BUSINESS AS USUAL -- (Senate - November 15, 2007)
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Mr. COBURN. Mr. President, I wanted to spend a few moments this morning talking about the business as usual in Washington.
As a nearly 60-year-old male baby boomer, I believe we face some of the most serious challenges we have ever faced as a nation, and certainly in my lifetime. The challenges are going to continue to grow unless Congress changes how it works, how it does business, and starts setting priorities. The last election was about change. We heard a lot of great promises, and I think they were well-intentioned. But let's look at what has happened.
After the last election, we were told we would have an earmark moratorium until we had a real reform process that was in place. We do not have a reform process; we have a faint claim for a reform process. Instead, we have seen thousands--the average is 2,000 earmarks per bill. The American people were told that the earmark process would be more transparent. Yet we have seen Congress backtrack on that at every opportunity.
The earmark reform has really been a triumph of ``business as usual.'' The original Senate version of S. 1 required Senators to publicly disclose the following within 48 hours of the committee receiving the information: the earmark recipient, the earmark's purpose, certification that neither they nor their spouse would directly benefit from the earmark. Now, what is in the real language? The real language was secretly changed. It no longer requires public disclosure of who is going to get the earmark or the earmark's purpose. That is the Senate's rules.
You know, there is a foundational principle; that is, you cannot have accountability in anything unless you have transparency. What we have is obfuscation of transparency.
We don't want the American people to see who is going to get an earmark or what its purpose is. Thankfully, we passed the transparency and accountability act that starts this January so the American people are going to see it anyway, except they are going to unfortunately have to see it after the fact.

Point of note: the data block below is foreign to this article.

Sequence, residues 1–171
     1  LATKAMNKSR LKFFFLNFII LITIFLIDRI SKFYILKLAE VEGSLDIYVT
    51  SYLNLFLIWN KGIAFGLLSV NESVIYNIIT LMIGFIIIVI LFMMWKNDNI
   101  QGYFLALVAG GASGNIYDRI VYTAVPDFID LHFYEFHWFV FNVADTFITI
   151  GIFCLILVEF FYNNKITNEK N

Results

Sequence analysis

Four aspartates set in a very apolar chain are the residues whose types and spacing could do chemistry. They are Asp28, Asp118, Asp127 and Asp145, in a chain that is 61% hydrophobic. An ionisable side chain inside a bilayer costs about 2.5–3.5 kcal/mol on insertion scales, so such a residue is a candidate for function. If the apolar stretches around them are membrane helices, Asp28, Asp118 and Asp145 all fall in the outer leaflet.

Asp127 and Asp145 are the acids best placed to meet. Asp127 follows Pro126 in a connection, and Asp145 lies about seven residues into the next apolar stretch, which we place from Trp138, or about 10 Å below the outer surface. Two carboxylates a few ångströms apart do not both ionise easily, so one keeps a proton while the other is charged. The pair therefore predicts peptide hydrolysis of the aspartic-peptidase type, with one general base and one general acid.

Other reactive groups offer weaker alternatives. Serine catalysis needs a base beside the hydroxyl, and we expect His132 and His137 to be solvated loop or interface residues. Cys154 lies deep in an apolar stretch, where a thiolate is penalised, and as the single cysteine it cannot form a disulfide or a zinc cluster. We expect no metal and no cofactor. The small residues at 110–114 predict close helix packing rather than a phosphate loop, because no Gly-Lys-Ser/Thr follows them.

Yesterday my office learned of another attack against transparency. The just-released conference report for the Transportation-HUD spending bill contains an earmark provision that attempts to prohibit the White House from releasing publicly its budget justifications. When they send up their budget, they send the reasons for why they want that money spent in certain ways. I worked last year to make sure that OMB agreed that the American people were entitled to see the justification for why they would want to spend money in certain areas. The appropriations process doesn't want that to be public. Why should it not be public? Why should we not want to know why the administration wants to spend certain money in certain ways and their reasoning and justification?
There is a reason why this was added. This was added so the authorizing committees won't have the same information the appropriations committees have. We are not supposed to be appropriating anything that isn't authorized, yet we continue to do so. This is a commonsense approach to make transparent to the American public as well as the rest of the Members of this body the justification and reasoning of the administration.
I agree, the broken promises we have seen have contributed to the 11-percent favorability rating of Congress. It isn't a Republican or Democratic issue. No Americans want their leaders to say one thing and then do another. The American people are tired of hearing the same defenses of the earmark favor factor. They didn't work when Republicans were in control, and they will not work today.